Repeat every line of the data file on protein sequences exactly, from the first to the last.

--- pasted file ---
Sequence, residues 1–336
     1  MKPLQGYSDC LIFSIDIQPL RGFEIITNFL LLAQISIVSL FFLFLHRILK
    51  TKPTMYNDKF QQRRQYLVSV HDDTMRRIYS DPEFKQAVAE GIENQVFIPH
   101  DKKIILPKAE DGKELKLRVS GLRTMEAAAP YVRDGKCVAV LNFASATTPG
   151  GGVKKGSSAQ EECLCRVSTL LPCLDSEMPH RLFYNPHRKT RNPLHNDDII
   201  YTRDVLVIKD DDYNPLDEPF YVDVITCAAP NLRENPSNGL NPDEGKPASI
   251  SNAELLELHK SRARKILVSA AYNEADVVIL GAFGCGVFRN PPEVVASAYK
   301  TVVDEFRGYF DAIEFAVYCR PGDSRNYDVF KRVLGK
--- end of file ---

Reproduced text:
Sequence, residues 1–336
     1  MKPLQGYSDC LIFSIDIQPL RGFEIITNFL LLAQISIVSL FFLFLHRILK
    51  TKPTMYNDKF QQRRQYLVSV HDDTMRRIYS DPEFKQAVAE GIENQVFIPH
   101  DKKIILPKAE DGKELKLRVS GLRTMEAAAP YVRDGKCVAV LNFASATTPG
   151  GGVKKGSSAQ EECLCRVSTL LPCLDSEMPH RLFYNPHRKT RNPLHNDDII
   201  YTRDVLVIKD DDYNPLDEPF YVDVITCAAP NLRENPSNGL NPDEGKPASI
   251  SNAELLELHK SRARKILVSA AYNEADVVIL GAFGCGVFRN PPEVVASAYK
   301  TVVDEFRGYF DAIEFAVYCR PGDSRNYDVF KRVLGK